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Opinion

Readers React: The Year of Trump: from reality TV distraction to frighteningly feasible

Donald Trump Campaigns In Grand Rapids

 Republican presidential candidate Donald Trump speaks at a campaign rally on Dec. 21 in Grand Rapids, Mich. 

(Scott Olson / Getty Images)

By now, Donald Trump was supposed to have been a historical footnote alongside the likes of Herman Cain and Pat Buchanan. But 2015 likely won’t be able to contain the Donald’s presidential candidacy, so before we look toward 2016 for a potential Trump endgame (if there ever is one), it’s worth looking back on the reader reaction to the unlikeliest of Republican front-runners.

When Trump announced his candidacy last June, The Times’ letter writers dismissed him as having all the staying power of a reality TV star. Since then, the reader reaction to seemingly every major news event of the year has changed and become more caustic once Trump has weighed in.

Here’s a brief recap of the Year of Trump.

On June 18, Ed Lister of Santa Barbara reacted dismissively to Trump’s formal entry into the presidential race:

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She’s black, she’s white — who cares? Move over, Rachel Dolezal: The Donald is up for his 15 minutes.

On Aug. 11, Bette Mason of Corona del Mar provided an early summary of Trump’s modus operandi:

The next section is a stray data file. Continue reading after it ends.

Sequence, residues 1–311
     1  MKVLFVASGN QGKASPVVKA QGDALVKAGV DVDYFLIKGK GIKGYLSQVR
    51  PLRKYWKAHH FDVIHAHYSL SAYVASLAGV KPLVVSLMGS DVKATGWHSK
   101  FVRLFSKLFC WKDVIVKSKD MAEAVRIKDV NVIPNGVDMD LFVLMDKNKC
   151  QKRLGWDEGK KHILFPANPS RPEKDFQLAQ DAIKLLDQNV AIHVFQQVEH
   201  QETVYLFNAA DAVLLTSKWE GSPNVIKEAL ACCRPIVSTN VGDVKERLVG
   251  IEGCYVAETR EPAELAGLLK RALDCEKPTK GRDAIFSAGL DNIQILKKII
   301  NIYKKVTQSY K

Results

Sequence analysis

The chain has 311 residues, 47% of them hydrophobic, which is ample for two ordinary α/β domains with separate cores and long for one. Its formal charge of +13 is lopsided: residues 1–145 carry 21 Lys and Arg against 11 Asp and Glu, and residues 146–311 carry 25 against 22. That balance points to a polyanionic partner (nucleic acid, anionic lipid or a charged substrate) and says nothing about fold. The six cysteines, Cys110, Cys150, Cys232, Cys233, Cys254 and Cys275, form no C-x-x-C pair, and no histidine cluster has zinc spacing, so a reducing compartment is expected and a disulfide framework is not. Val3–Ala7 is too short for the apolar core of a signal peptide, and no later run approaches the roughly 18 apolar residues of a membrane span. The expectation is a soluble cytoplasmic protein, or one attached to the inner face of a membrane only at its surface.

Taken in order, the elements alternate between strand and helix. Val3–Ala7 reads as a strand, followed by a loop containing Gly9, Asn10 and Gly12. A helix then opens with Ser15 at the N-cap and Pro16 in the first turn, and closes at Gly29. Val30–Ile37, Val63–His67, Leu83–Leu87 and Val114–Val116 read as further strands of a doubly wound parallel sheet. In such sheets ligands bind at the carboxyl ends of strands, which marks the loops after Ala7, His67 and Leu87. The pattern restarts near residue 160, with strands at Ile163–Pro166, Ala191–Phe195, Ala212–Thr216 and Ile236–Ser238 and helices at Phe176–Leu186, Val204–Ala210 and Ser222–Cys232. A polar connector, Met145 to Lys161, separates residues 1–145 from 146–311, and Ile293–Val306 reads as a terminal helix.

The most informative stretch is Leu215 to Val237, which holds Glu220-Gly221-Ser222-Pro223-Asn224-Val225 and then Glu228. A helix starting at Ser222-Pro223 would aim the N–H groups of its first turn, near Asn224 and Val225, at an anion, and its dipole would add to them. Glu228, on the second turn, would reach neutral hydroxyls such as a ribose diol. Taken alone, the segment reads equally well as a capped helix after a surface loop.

Republican presidential front-runner Donald Trump is a loose canon. A bully. He runs off at the mouth with few if any supporting facts to make his case. He disparages women and war heroes and Mexicans, to name just a few of his favorite targets.

And yes, he also is very rich and famous. Just ask him. He’ll tell you all that, and much more.

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My question is: Who are all these conservatives who have supported him so far and made him No. 1 in the polls?

On Aug. 22, Phil Serpico of New York City explained Trump’s appeal:

You don’t need to put Americans on the couch to explain Trump’s popularity. For many, it’s a backlash to the Obama administration years. To others, he’s an Archie Bunker redux.

People feel diminished in many ways. Trump’s slogan, “Make America Great Again,” is resonating because people feel we’ve lost that greatness.

Americans want straight talk, not canned soundbites. They want authenticity in their candidate, and a dash of anger when necessary. They want a Congress able to get things done. They want their voices heard. And yes, they also want a sealed border.

Thanks to Trump, Americans are getting it off their chests.

On Dec. 10, after Trump called for a halt to Muslim immigration, Republican Will Dawkins of Orlando, Fla., said he’d had enough:

I am a victim of Donald Trump. My political party has been hijacked, turning the Grand Old Party into a grand joke. I registered as a Republican because I believed in some of the core values of the party, but Trump has completely bastardized the concept of a free election determined by informed voters.

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He beats his chest to drum up votes. He completely ignores the prospect of educating the public and instead panders to the narrow-minded.

Trump claims that he will make America great again, and the only way he can do that is by dropping out of the election.

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